By Goke Ilesanmi

As human beings, we almost always like to wait for a perfect time to take necessary action about our plans. Is there any time called “Perfect”? I need your answer, please. Some years ago, a friend of mine bought a car and got a man to drive it and also teach him driving because he could not drive. As expected, whenever the man wanted to teach my friend, the learner sign “L” would be hung on the number plate with the driver sitting beside him and guiding him. Surprisingly, after one year of learning, my friend was still using the “L” sign and totally dependent on the driver to guide him while driving. I was compelled to ask why he was still using the “L” sign and could not drive unguided. He said he wanted to PERFECT his driving skills even when the driver had been encouraging him to be driving alone.

Different experience
I had a different experience while learning driving. Within one month of learning, the man teaching me just alighted from the car one particular evening as if he wanted to buy something. Then he bent down, opened his mouth and let loose an intercontinental ballistic missile into my ears, which almost deafened me. I thought the world had come to an end! What did he say, you may want to know? He said he just remembered he had one important appointment to keep with one rich man he had just met for business assistance. Reluctantly, I nodded in agreement but the ocean of confusion had engulfed me from within. Would I say he should not go to see the man that wanted to assist him? That would be selfish of me.

Flashing thoughts
Some thoughts flashed across my mind. One of them was to get a towing van to tow the car from there. Another was to look for just anybody that could help me drive it home, but that could be very risky. My dilemma became heightened because the man had never encouraged me to use the “L” sign that could have given me some protection from other road-users. After about five minutes of total confusion, I decided to start the engine of the car, then engaged the gear, accelerating little by little and gaining confidence gradually as I was driving along.
I finally got home and became very happy that I prematurely achieved a feat that I had thought could only be possible in three or four months from then.
The second day, the man came and commended me for driving home alone without hitting another vehicle. Then, he confessed that he did not have any appointment the previous day but just wanted me to master driving early as I was learning fast. In one month of learning driving, I started driving to other states unlike my friend. So whatever plan you have to execute, do not wait for any perfect time. Perfect time is a figment of imagination. If you believe there is a perfect time, then NOW is the “perfect” time to act.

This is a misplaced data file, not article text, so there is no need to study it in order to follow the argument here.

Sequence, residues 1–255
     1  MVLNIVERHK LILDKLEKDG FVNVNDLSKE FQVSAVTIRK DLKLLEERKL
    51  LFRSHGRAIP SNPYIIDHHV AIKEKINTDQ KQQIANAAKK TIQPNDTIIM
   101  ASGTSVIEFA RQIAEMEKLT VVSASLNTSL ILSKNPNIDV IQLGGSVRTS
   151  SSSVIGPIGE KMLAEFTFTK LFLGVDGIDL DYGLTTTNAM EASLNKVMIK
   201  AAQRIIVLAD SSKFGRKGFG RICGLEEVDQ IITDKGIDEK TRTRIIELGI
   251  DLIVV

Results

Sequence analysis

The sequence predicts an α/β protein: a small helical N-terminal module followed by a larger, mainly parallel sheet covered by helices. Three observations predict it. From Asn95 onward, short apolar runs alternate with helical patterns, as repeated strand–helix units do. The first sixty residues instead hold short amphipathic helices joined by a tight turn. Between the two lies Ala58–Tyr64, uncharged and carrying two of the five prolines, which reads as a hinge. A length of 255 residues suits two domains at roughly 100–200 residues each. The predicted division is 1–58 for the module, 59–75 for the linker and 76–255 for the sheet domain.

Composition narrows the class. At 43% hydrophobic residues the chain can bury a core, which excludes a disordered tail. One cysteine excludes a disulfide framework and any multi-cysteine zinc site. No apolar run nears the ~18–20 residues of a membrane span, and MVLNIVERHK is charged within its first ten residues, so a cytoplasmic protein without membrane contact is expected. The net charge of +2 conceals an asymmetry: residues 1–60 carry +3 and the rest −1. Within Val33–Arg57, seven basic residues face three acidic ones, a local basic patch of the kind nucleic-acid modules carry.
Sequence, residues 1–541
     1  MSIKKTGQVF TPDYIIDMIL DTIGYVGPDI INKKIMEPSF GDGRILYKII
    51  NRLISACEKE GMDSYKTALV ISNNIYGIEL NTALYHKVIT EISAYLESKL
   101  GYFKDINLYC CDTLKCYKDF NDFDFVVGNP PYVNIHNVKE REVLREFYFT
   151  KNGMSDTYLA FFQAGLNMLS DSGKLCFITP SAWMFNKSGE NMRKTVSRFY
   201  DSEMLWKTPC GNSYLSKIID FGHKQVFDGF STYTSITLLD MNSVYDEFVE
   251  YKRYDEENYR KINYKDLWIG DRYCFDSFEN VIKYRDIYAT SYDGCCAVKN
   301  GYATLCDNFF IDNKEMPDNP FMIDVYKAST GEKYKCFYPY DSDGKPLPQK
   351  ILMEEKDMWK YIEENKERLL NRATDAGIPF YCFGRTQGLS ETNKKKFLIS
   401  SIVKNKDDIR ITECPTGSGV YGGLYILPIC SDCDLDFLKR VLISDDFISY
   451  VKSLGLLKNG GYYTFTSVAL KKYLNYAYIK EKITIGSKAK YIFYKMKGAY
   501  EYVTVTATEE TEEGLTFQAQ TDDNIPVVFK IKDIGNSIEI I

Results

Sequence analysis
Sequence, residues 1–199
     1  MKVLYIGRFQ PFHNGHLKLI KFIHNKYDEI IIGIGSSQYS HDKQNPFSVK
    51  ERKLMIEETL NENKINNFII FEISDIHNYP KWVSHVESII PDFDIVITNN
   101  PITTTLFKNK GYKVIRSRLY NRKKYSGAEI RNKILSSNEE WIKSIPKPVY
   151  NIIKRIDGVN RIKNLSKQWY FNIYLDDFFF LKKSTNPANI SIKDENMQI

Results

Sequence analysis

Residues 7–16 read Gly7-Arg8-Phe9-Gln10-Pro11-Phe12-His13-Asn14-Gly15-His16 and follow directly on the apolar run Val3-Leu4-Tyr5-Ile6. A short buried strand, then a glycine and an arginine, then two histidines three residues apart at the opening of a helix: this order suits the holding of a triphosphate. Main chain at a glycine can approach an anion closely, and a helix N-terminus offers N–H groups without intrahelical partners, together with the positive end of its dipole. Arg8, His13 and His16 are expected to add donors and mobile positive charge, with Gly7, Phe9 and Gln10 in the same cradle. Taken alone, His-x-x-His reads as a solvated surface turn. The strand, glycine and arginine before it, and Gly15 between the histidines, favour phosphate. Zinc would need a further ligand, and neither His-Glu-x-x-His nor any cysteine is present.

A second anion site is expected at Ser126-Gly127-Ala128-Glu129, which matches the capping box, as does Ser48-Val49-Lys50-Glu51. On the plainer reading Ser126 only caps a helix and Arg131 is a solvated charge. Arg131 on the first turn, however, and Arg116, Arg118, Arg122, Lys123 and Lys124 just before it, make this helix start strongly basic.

Contradiction and flexibility
We like to blow hot and cold every time. We are quick to admit in one situation that nobody is perfect but God when it comes to doing some things. So we always resign our fate to attaining excellence not perfection. But it is ironical that when it comes to implementing our plans, we quickly hide under the pretext of seeking a perfect time to board the flight of perpetual procrastination.
Even our perfect God is not rigid about perfection. Genesis 1:31 says, “And God saw everything that he had made, and, behold, it was VERY GOOD….” “Very good” is used not “Perfect”. According to Psalm 8:1, “O Lord our Lord, how EXCELLENT is thy name in all the earth….” “Excellent” is used not “Perfect”.
It is human nature to always look for perfection before taking action. When God told Moses that He wanted to use him to deliver the Israelites from Egypt, Moses gave excuses thus in Exodus 4: 10, “O my Lord, I am not eloquent… I am slow of speech, and of a slow tongue.” But he should have known that God was aware of his shortcoming. God then replied him, “…Now therefore go, and I will be with thy mouth, and teach thee what thou shalt say.”

Average lifespan and interpretation
We need to take action fast because Psalm 90:10 says, “The days of our years are threescore years and ten….” The noun phrase “Threescore years and ten” means 70 years in modern English. The implication of this is that we have a short lifespan, especially when considering the fact that Methuselah lived for 969 years and Enoch 365 years.
By daily interpretation, 70 years is about 25,568 days, including extra days of leap years involved. By the time one is 20 years, one must have spent above 7,300 days; at 30 years, one must have spent above 10,950 days; at 40 years, more than 14,600 days must have gone, leaving one with about 11,000 days. At 60 years, one must have spent 21,900 days, remaining about 3,650 days out of 70 years. This interpretation is not meant to instil fear in you but to motivate you so that you can discard your long-awaited vehicle of perfect time.

Findings and reality